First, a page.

Wednesday, July 14, 2010

A Philosophy of Potatoes (the musings of an orthodox rebel)

"Beware of the man whose god is in the skies." -George Bernard Shaw

Philosophies of the world and worldly philosophies drive me insane. Whether it be the narrow-minded bigotry of scientism or the epistemological bottomless pit of post-modernism, I find them all equally vacuous and (perhaps what is worse) ugly. Of course, there is something awry about a philosophy that is aesthetically neutral (i.e., dull), but there is something incredibly insidious about any philosophy whose aesthetic principles create and encourage an outrageous and offensive ugliness to inflict upon others. Surrealism, with its "art," is a good example of this. When any philosophy makes horror and insanity the standards of aesthetic perfection, you can be sure that it is a divinity of hell.

This is not to discount the equally sinister quality inherent in a philosophy being vacuous. Any philosophy that (while perhaps logically coherent) finds no anchor points in the practical world of existential experience is worse than dead: it is a lie. A philosophy (being an ultimate view of things) is meant to be as practical as potatoes. It is not meant to be isolated abstract reasoning, but rather beliefs about the actual world that affect how you behave in and relate to that actual world. Any philosophy that exists in an isolated, abstracted bubble is deadly; it is of the worst kind of spiritualism (both eastern and western) that views the actual world as (at best) a distraction or (at worst) a cheat. If taken seriously, it creates the hell of solipsism, i.e., the hell of the isolated self. Of course, no one takes such philosophies seriously in the real world. That is the point: they are vacuous and therefore useless.

As a philosopher (which is just another way of saying, "As a human being"), I find that I cannot keep pace with the ridiculous academic gymnastics that passes for modern scholarship these days. I do believe that the lunacies of such men as Foucault and Derrida (and perhaps we could even add Nietzsche and Schopenhauer) are dying out, but it is a slow and messy death; like most empty doctrines, they die hard. Their cheerleaders (those faithful few) will continue to sing their praises while the disillusioned will look elsewhere. I am thankful that I was disillusioned with nonsense long before I every read the philosophers of nonsense, for as a Christian I am always incredulous towards madmen. There is something cowardly and lazy about any philosophy that gives in to despair or ignorance, cowardly and lazy in this way: they are completely impractical and thus of no use to living, breathing men and women of the actual world.

I do not understand how someone can live in the actual world (under the burning blue sky, walking on the tangled green grass) and buy into either extreme notion that human inquiry can figure out everything (the lunacy of scientism) or nothing (the lunacy of post-modernism). Real existence (with actual existential data) cries out in anger at such nonsense, and no philosophy summed up real existence better than the Christian philosophy when its much marginalized philosopher St. Paul said, "For we know in part and prophesy in part" (I. Cor. 13:9). Immediately with that statement we are confronted with two facts: we have knowledge, but it is incomplete. We can know but only partly. Here we avoid the pitfalls of both arrogance and despair; here we are confronted by both the joy that we can know and the humility that we are not all-knowing. We are given truth and mystery, reason and romance, security and adventure. Here, then, is a practical philosophy, probably the only practical philosophy left to men and women.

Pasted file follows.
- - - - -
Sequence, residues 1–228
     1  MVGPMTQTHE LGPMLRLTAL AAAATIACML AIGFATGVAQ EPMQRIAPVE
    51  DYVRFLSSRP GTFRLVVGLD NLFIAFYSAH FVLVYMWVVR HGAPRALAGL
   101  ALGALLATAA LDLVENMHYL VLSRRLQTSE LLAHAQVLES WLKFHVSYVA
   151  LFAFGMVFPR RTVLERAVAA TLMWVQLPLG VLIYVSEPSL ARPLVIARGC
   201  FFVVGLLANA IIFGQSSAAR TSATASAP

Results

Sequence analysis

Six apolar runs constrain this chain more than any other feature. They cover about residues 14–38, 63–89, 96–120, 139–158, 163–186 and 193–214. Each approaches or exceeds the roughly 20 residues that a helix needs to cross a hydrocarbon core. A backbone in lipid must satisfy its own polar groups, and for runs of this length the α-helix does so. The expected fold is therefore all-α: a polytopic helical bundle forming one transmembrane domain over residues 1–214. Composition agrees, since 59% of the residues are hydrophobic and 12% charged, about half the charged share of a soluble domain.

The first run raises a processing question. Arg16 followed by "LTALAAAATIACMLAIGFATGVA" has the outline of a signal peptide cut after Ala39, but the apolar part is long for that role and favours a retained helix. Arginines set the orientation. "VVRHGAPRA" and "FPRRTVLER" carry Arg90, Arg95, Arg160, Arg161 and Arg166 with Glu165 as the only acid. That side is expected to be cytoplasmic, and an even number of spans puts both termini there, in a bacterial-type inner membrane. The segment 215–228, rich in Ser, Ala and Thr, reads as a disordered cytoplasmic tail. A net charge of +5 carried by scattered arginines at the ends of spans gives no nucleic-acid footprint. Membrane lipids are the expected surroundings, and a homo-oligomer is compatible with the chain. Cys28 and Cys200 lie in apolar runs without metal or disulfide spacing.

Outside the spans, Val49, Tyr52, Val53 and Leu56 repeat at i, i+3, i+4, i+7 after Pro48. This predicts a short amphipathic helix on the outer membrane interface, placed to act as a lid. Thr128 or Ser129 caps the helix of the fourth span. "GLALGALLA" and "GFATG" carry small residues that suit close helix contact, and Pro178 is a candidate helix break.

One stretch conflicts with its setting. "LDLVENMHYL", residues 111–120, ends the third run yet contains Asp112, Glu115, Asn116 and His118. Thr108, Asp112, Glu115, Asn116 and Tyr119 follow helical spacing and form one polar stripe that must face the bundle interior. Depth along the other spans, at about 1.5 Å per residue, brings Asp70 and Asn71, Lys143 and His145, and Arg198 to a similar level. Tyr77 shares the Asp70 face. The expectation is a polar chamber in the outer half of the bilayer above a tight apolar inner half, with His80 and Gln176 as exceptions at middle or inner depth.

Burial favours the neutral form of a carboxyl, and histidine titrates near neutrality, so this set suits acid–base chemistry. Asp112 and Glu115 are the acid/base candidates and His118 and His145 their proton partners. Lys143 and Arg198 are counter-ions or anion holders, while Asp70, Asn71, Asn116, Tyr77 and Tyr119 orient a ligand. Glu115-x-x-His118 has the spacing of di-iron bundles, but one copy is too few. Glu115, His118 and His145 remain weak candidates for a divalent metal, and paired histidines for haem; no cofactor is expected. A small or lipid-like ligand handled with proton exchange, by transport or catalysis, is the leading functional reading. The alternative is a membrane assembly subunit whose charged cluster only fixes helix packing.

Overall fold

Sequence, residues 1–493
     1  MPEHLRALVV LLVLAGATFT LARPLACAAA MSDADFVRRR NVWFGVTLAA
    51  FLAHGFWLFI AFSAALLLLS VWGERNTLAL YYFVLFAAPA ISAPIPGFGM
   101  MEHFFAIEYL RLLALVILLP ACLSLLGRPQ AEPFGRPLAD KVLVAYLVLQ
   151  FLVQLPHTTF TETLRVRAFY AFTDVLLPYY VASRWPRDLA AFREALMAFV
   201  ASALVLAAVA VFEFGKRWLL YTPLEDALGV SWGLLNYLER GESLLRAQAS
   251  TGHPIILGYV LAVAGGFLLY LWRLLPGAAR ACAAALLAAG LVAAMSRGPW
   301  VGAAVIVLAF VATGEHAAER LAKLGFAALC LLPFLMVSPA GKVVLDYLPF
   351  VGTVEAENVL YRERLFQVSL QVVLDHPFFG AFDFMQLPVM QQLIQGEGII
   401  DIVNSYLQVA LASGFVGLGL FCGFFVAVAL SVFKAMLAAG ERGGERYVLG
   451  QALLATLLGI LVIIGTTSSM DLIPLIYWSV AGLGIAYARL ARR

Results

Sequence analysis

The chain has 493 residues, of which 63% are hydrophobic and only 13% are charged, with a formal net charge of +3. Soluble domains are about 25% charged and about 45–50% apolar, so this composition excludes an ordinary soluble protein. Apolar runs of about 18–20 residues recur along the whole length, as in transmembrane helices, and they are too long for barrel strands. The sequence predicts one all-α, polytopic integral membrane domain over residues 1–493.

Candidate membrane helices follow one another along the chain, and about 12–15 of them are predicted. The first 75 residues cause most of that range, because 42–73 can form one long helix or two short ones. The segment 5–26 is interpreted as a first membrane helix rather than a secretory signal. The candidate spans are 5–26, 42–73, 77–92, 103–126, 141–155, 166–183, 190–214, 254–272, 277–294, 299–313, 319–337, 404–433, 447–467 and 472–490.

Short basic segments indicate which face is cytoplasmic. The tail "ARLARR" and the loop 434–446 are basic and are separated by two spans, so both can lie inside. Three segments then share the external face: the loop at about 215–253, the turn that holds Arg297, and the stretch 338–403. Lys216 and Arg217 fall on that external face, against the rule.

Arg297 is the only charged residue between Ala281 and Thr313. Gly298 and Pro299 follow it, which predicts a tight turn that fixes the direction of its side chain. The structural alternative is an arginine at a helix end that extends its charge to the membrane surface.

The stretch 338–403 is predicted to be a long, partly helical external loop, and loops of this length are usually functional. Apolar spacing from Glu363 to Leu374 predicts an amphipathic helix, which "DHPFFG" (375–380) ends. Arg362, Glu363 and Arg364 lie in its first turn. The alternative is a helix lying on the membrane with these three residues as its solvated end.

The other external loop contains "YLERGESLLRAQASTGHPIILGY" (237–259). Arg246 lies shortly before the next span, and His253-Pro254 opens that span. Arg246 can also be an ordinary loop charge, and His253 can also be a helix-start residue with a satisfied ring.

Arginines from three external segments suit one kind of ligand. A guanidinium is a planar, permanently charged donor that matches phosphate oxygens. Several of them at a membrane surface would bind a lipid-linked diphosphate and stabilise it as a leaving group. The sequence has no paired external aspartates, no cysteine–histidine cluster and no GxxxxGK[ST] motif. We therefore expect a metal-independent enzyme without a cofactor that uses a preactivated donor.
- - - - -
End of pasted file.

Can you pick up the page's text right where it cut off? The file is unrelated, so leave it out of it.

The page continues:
The Christian philosophy is practical on this point (and all points, if we had time to discuss them) because it speaks to the realities of real people: their desires and circumstances. If we seriously thought about it, we could only conclude that everyone wants to know something, but no one wants to know everything. We want to move forward with both confidence and excitement, with limitless open sky over our heads and limitless solid ground beneath our feet, a paradox only possible if we "know in part." Take away that truth, and mankind loses something precious. If we know everything, then there is no excitement; life and existence are a bore, a tale already told and memorized without the possibility of alteration or the freedom of the unexpected. It is a paralysis of predetermination: there is no movement because there is nowhere left to go. If, however, we know nothing, then there is no confidence; life and existence are a terror, a swirling shadow of meaningless and menacing variables that stalk in the perpetual night. It is a paralysis of chaos: there is no movement because there is no direction. Both of these philosophies of men are untenable and intolerable. They do not satisfy holistically; they leave something out, something of real existence, something whose absence brings the whole edifice crashing to the ground.

Perhaps it is the height of irony (and tragedy) that the majority of worldly philosophies are just no earthly good. They either give a man too much or too little, and in either case they take everything from him. Christianity (with its core doctrine of Incarnation) gives God to men, which is to say that it gives us everything, including the practical necessity of knowing "in part."

-Jon Vowell (c) 2010


  1. But...I like surrealism.

  2. You only like surrealism because it isn't your philosophy. I like deconstructionism, but only because it isn't my philosophy. Otherwise, we'd both be in despair.

  3. D:

    It has its moments, but I'd call them exceptions to the rule.

    Anon (I have an idea who you are):

    I understand. I'm not sure I agree, but I understand.